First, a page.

Hilariously the strategy acknowledges that “some of the key drivers and contributing factors that underpin unequal outcomes for women include: rigid gender roles and stereotypes that reinforce differences between men and women.”

Transgender people rely solely on these rigid stereotypes to claim they are the opposite sex. Without the rigid stereotypes there is nothing to hang their hat on.

The most startling claim in the new strategy is how marginalised men who pretend to be women are.

Trans women are particularly marginalised. Two in 5 young trans women in Australia have attempted suicide and more than 90% report  suicidal ideation. They experience poorer mental health, higher rates of unemployment and homelessness, low levels of financial security and high rates of sexual harassment. Research demonstrates that access to gender-affirming care improves mental health outcomes among trans people.

Transwomen are men. They are male through and through. No amount of name changes, pronouns, make-up, costumes, drugs or surgery can change their DNA, reproductive system or hormone production. They appropriate female stereotypes, claim to feel like women despite not being able to be one, they mask and cover up their maleness, but they are still men.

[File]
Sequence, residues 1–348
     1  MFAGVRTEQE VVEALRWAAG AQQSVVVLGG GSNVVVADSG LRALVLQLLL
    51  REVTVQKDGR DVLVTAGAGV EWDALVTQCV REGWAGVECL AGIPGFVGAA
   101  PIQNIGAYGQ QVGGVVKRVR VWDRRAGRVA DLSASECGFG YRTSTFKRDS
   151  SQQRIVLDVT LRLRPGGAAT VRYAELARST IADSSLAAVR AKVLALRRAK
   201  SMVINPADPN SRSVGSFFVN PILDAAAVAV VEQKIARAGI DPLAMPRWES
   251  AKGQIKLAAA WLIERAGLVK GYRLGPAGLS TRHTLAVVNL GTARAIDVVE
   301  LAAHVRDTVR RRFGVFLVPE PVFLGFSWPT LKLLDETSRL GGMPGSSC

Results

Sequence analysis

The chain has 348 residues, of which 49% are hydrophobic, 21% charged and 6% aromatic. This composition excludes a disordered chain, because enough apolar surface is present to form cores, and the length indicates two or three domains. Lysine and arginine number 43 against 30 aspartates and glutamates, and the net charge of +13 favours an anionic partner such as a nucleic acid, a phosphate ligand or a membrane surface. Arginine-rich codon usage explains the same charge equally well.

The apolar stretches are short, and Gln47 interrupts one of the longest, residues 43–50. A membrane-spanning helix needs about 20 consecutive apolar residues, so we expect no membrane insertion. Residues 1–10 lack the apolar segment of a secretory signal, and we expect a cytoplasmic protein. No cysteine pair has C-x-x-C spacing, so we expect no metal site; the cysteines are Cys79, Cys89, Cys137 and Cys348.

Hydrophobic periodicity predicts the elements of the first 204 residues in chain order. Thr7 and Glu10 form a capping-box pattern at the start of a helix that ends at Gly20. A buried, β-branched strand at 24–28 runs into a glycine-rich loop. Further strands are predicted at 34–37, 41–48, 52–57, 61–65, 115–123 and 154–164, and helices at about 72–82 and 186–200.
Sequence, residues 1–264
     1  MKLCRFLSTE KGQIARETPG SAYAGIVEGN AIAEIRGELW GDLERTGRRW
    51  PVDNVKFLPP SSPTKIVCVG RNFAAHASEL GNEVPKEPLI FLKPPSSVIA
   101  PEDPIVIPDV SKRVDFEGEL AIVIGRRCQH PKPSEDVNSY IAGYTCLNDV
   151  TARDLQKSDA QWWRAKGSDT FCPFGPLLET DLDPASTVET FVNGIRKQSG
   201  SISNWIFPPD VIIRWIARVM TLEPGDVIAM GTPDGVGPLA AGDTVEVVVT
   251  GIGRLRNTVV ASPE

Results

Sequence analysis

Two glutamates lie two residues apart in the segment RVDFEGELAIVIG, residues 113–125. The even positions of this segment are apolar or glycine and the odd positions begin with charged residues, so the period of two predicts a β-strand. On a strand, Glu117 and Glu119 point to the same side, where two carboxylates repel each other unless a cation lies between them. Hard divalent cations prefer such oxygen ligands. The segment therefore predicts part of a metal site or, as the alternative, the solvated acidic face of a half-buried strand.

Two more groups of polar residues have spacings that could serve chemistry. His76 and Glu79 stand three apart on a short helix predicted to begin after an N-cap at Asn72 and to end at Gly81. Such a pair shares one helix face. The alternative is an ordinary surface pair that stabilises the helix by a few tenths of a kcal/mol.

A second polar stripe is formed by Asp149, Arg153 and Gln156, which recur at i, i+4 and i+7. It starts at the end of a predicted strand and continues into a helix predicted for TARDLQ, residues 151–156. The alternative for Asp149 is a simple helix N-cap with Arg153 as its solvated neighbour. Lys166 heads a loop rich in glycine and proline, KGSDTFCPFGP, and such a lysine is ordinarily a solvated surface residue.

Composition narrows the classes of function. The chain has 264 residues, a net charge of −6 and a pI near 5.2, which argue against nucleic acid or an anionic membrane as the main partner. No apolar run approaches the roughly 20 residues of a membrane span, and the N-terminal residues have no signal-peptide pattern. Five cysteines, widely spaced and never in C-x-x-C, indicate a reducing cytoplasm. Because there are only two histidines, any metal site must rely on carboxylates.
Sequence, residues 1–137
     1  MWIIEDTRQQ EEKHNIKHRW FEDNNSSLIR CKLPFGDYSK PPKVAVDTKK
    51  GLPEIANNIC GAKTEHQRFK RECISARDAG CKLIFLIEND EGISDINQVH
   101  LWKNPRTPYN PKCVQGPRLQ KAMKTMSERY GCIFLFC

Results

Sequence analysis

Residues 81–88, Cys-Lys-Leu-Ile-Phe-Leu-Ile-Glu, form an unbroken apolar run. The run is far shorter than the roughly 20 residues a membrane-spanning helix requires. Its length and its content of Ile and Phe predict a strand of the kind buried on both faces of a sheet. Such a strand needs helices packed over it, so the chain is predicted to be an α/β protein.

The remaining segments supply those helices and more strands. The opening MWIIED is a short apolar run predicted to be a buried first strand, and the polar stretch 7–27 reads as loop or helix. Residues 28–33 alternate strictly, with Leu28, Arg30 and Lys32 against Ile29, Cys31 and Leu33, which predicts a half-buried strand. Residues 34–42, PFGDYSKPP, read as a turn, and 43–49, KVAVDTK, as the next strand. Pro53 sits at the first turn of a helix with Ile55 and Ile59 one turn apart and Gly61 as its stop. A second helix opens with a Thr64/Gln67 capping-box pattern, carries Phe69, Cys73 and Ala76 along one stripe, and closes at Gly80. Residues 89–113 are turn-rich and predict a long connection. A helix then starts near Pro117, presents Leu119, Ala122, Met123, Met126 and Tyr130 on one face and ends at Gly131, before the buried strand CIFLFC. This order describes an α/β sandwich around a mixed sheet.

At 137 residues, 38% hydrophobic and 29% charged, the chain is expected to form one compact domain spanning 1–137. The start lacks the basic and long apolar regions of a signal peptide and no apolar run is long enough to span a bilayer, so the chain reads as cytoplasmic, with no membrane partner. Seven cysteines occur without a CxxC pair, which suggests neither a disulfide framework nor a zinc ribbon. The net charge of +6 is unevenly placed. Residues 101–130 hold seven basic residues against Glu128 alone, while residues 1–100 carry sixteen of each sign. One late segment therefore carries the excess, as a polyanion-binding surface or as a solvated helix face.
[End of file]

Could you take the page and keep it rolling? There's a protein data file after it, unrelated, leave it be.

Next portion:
Bronnie Taylor is not content being the minister for women, she wants to be the minister for men who appropriate female stereotypes as well.

Can you please spare a few minutes today to contact Bronnie Taylors office:

The Hon. Bronnie Taylor MLC

Minister for Women

GPO Box 5341

Ph: (02) 8574 5850

E: [email protected]


Ask any or all of these questions and feel free to add your own comments and questions. Make sure you indicate you would like a response.

If you can’t define women/girls how can you protect women/girls?

Can you define women/girls without relying on stereotypes or caricatures?

Why do you perpetuate the lie that a person can change their sex?

How is it fair and safe to allow males to compete in female categories of sport? Why can’t they compete in open or mixed categories?

What do you say to lesbian women who refuse to associate with men who claim to be women with a penis?

Why don’t you encourage young girls to accept who they are without having to go on drugs to appropriate male stereotypes? Can’t they be masculine girls?